Anonymous Coward says:

Re: Re:

“Of course time will tell, but it seems clear the state is open to the business model but while it is against state law then they clearly can’t condone breaking the law and they must enforce the law as it now stands.”

The law as it now stands is a result of corruption and every day that it goes by unfixed is also a result of corruption. The government has no business passing and maintaining monopolies just to grease the palms of politicians.

charliebrown (profile) says:

Taxi Fees

I don’t know about America but the situation in Australia is that taxi drivers have to hold a taxi driver’s license, the car has to be registered as a taxi (with signage, I assume) and all public liability insurance paid up. When you break it down, with fuel, it can cost $150 per day to run a fully licensed taxi car. That’s just one vehicle.

The state government determines the amount that is charged by each taxi car. The amount usually goes up by a fewq cents per year. It is currently around AU$2 per kilometre (roughly AU$3.30 per mile). I do not know how much the state government gets in fees and charges from the taxi’s owner but I assume they take some.

So far Uber is ssetting up in Australia and taxi drivers are concerned that they’ll loose fares and thus money. They won’t loose it all because people often take taxis on a whim and you can’t use Uber for that. But so far the government hasn’t said a thing. Either that or the Australian media doesn’t care. Sometimes it is hard to tell the difference. I say give it time.

Redtop driver says:

Redtop and Blue top working hard to limit app based companies

In Northern VA, a company called transportation inc also trading as Redtop, yellow and diamond has monopolized the entire taxi industry. This company has a lot of power on decisions made regarding any transportation. Th company want to keep its business. Since the coming of Uber and Lyft, this company has lost the market and all it’s former drivers are driving for uber and lyft. It is not about public safety. It is all about corruption an protecting the fat guys.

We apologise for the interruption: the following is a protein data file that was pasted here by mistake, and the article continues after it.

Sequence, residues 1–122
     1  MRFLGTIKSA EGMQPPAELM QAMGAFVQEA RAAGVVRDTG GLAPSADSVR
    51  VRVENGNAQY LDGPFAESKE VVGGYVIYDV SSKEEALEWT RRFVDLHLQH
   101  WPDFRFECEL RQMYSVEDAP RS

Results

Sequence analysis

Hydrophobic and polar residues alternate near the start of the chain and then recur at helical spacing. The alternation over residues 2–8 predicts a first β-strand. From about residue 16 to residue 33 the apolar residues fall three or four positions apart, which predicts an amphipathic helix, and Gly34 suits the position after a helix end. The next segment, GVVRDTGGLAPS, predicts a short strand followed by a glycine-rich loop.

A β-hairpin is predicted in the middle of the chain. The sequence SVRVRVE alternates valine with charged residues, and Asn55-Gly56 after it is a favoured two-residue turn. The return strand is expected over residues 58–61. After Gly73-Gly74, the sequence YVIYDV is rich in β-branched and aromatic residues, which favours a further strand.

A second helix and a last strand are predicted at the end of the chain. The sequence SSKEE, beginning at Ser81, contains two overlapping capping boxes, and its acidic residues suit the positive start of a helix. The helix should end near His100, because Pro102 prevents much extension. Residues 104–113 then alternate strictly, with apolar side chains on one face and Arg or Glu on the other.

Anonymous Coward says:

Ride Sharing

25 Ways to Help Virginia’s Environment

Be a smart driver.
Keep your car tuned and its pollution control equipment working properly. Combine shopping with other errands to avoid unnecessary car trips. Also, encourage your employer to participate in a regional ride-sharing program.

This VA Gov. site has numerious ads for ride sharing.

page 9

Key strategies that have been identified for the Hampton Roads area, both for the urbanized area and for rural communities under the jurisdiction of DRPT for funding,
include, but are not limited to:

? Improve reciprocal agreements and ordinances for use of accessible taxicabs
? Focus on shared-ride services

The Virginia Dept. of Transportation has site for Virginia Rideshare Agencies.

Anonymous Coward says:

Eliminating taxi cab monopolies would improve safety and reduce drunk driving

Not to mention that taxicab monopolies likely harm the environment because taxicab companies have incentive to keep their cars as fuel efficient as possible to save money (and perhaps to have their own in-house repair shops or to contract in bulk where repairs that increase efficiency are done routinely in opposed to paying on a per repair basis, ensuring their tires are properly inflated and that they’re using tires that save fuel, their car is properly oiled, etc…) and to do whatever they can to provide the most transportation using the least amount of fuel (ie: by carpooling and planning their routs to maximize carpooling). It’s much easier and more efficient for a company that specializes in cars to deal with cars than it is to force a much larger population to deal with them many of which are car illiterate.

Not to mention having more taxi-cabs creates efficiencies in that fewer cars can be used to serve more people and fewer cars require less parking space and less parking space is more space that can be used to build buildings and roads and improve congestion (more roads and fewer cars = less congestion).